• @AppsTechNews Q3 Manage the device, manage & control apps running on it, and manage data within those apps – best #BYOD solutions address all 3 #ogChat
  • @JonMoger @theopengroup #security #ogChat #BYOD is a catalyst for a bigger trend driven by cultural shift that affects HR, legal, finance, LOB.
  • @bobegan I am a big believer in people, and i think most employees feel that they own a piece of corporate policy #ogChat
  • @mobilityofficer @theopengroup Q3: Sometimes you have no choice but to interfere with private data but you must communicate that to employees #ogChat

Q4 How does #BYOD contribute to the creation or use of #BigData in the enterprise? What role does #BYOD play in #BigData strategy? #ogChat

Participants exchanged opinions on the relationship between BYOD and Big Data, leaving much room for future discussion.

  • @technodad Q4 #bigdata created by mobile, geotgged, realtime apps is gold dust for business analytics & marketing. Smart orgs will embrace it. #ogChat
  • @cebess .@ technodad Context is king. The device in the field has quite a bit of contextual info. #ogChat
  • @bobegan @cebess Right, a mobile strategy, including BYOD is really about information supply chain managment. Must include many audiences #ogChat

Q5 What best practices can orgs implement to provide #BYOD flexibility and also maintain control and governance over corporate data? #ogChat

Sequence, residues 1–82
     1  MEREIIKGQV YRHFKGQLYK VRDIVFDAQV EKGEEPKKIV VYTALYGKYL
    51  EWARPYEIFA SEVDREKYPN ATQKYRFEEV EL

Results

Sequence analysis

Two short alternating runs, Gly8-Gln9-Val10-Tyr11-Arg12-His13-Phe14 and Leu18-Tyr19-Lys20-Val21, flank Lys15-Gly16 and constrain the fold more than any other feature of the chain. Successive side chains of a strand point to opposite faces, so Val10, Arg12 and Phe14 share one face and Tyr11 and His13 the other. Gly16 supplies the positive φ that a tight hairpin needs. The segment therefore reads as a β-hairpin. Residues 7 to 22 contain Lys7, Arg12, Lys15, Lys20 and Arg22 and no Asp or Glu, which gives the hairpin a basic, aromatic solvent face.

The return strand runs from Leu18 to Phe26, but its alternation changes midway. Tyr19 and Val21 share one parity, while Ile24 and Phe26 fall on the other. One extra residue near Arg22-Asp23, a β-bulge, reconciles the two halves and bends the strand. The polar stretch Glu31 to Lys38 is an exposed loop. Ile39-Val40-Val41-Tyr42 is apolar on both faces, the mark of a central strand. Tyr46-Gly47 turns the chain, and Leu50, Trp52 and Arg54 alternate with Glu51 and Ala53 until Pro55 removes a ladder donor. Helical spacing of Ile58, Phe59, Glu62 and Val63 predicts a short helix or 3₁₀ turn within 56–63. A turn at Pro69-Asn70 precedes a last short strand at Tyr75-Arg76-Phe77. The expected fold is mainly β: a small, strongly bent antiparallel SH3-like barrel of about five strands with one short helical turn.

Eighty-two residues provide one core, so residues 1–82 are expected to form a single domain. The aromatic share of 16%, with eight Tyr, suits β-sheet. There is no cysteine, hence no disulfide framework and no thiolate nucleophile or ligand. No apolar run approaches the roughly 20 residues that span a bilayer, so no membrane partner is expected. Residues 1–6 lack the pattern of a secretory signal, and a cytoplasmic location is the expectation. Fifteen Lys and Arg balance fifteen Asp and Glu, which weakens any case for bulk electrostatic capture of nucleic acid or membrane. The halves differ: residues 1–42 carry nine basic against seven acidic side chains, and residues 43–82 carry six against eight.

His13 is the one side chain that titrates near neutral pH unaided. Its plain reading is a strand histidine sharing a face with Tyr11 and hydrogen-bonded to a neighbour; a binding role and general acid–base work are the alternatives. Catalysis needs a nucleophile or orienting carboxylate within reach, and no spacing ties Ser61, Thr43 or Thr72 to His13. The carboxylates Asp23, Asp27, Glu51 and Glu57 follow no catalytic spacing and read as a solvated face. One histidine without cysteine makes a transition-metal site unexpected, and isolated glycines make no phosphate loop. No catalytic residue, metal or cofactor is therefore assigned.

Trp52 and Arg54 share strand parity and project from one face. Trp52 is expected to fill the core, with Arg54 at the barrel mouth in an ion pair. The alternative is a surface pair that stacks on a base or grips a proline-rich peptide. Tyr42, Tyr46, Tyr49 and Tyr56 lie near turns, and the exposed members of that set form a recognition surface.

When discussing best practices, it became clear that no matter what, organizations must educate employees and be consistent with business priorities. Furthermore, if data is precious, treat it that way.

  • @AWildCSO Q5: Establish policies and processes for the classification, ownership and custodianship of information assets. #ogChat
  • @MobileGalen #ogChat: The more precious your info, the less avail it should be, BYOD or not. Use containered apps for sensitive, local access for secret
  • @JonMoger @theopengroup #BYOD #ogChat 1. Get the right team to own 2. Educate mgmt on risks & opps 3. Set business priorities 4. Define policies

Q6 How will organizations embrace or reject #BYOD moving forward? Will they have a choice or will employees dictate use? #ogChat

While understanding the security risks, most participants embraced BYOD as a big trend that will eventually become the standard moving forward.

A big thank you to all the participants who made this such a great discussion!

Patricia Donovan is Vice President, Membership & Events, at The Open Group and a member of its executive management team. In this role she is involved in determining the company’s strategic direction and policy as well as the overall management of that business area. Patricia joined The Open Group in 1988 and has played a key role in the organization’s evolution, development and growth since then. She also oversees the company’s marketing, conferences and member meetings. She is based in the U.S.